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rfc:rfc3655

Network Working Group B. Wellington Request for Comments: 3655 O. Gudmundsson Updates: 2535 November 2003 Category: Standards Track

          Redefinition of DNS Authenticated Data (AD) bit

Status of this Memo

 This document specifies an Internet standards track protocol for the
 Internet community, and requests discussion and suggestions for
 improvements.  Please refer to the current edition of the "Internet
 Official Protocol Standards" (STD 1) for the standardization state
 and status of this protocol.  Distribution of this memo is unlimited.

Copyright Notice

 Copyright (C) The Internet Society (2003).  All Rights Reserved.

Abstract

 This document alters the specification defined in RFC 2535.  Based on
 implementation experience, the Authenticated Data (AD) bit in the DNS
 header is not useful.  This document redefines the AD bit such that
 it is only set if all answers or records proving that no answers
 exist in the response has been cryptographically verified or
 otherwise meets the server's local security policy.

1. Introduction

 Familiarity with the DNS system [RFC1035] and DNS security extensions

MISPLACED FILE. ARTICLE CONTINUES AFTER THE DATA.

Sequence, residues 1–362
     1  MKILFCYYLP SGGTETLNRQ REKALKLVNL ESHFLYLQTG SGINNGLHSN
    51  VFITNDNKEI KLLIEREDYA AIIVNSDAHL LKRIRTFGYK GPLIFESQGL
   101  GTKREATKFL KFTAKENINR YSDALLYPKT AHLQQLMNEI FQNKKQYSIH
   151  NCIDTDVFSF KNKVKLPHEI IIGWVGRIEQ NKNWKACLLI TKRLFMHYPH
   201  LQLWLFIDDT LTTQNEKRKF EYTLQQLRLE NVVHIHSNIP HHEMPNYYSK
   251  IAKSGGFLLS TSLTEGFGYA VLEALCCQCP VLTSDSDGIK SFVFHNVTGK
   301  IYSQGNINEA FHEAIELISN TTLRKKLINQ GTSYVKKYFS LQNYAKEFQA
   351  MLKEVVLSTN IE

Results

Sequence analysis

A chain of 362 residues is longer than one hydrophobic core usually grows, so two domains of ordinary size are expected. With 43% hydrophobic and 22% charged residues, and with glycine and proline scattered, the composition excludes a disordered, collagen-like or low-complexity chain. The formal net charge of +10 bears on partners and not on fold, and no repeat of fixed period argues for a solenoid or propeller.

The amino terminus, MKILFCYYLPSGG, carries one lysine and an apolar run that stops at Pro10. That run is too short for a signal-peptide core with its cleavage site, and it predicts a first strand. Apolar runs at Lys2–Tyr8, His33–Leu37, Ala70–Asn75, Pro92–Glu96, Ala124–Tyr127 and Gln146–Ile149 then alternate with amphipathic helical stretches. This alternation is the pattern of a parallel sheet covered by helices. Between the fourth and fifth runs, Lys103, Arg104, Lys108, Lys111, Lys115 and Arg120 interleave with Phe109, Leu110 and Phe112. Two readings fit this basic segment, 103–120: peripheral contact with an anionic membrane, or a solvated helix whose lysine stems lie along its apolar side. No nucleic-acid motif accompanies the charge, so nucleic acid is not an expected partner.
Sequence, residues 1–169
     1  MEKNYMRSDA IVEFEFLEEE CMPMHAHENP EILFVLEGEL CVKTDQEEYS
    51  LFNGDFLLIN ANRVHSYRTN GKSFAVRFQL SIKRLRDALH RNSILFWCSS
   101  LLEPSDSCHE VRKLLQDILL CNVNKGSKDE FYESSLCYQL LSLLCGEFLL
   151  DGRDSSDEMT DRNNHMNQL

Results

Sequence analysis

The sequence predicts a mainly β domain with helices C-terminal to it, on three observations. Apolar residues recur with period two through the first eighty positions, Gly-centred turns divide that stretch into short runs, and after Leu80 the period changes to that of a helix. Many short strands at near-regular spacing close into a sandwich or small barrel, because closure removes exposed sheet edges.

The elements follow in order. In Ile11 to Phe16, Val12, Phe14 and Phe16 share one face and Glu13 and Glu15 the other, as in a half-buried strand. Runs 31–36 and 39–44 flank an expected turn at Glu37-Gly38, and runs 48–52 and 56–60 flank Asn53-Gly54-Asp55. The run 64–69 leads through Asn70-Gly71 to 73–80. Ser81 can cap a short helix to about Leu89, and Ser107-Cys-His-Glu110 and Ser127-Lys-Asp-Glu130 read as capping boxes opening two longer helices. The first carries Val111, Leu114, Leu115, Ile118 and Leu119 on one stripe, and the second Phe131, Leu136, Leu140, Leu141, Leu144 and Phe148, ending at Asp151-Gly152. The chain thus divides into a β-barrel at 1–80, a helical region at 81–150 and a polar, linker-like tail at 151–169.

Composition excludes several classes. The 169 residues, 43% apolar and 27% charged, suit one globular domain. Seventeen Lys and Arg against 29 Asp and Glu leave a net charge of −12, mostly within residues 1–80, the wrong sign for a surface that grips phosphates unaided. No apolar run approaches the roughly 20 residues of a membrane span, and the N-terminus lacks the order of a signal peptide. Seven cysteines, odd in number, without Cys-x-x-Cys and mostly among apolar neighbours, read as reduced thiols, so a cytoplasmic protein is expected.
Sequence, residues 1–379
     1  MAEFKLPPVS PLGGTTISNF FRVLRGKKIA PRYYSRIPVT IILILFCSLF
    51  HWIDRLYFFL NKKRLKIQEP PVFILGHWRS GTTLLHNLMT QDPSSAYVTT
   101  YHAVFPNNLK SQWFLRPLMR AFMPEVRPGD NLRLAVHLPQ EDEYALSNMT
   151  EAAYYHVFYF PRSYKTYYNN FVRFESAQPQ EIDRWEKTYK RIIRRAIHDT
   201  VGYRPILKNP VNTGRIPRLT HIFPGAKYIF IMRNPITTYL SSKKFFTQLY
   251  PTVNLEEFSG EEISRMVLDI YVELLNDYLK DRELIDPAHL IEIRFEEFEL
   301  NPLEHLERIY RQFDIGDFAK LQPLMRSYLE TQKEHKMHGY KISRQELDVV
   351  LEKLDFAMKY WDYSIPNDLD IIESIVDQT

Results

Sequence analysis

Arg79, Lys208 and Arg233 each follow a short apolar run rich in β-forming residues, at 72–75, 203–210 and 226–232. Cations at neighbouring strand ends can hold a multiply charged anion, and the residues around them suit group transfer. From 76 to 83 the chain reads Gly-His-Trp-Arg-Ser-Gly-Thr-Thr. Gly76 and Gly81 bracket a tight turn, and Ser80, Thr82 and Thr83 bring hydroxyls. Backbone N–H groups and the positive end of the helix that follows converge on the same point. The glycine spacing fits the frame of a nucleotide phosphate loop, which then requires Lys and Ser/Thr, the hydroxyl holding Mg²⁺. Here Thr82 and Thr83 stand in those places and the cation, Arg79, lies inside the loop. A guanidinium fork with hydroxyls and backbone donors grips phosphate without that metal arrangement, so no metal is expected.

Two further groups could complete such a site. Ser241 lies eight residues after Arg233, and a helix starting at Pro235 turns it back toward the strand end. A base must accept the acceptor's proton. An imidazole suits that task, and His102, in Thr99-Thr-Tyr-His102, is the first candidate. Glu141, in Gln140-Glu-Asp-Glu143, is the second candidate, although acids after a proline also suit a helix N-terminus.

[RFC2535] is helpful but not necessary.
 As specified in RFC 2535 (section 6.1), the AD (Authenticated Data)
 bit indicates in a response that all data included in the answer and
 authority sections of the response have been authenticated by the
 server according to the policies of that server.  This is not
 especially useful in practice, since a conformant server SHOULD never
 reply with data that failed its security policy.
 This document redefines the AD bit such that it is only set if all
 data in the response has been cryptographically verified or otherwise
 meets the server's local security policy.  Thus, neither a response
 containing properly delegated insecure data, nor a server configured
 without DNSSEC keys, will have the AD set.  As before, data that
 failed to verify will not be returned.  An application running on a
 host that has a trust relationship with the server performing the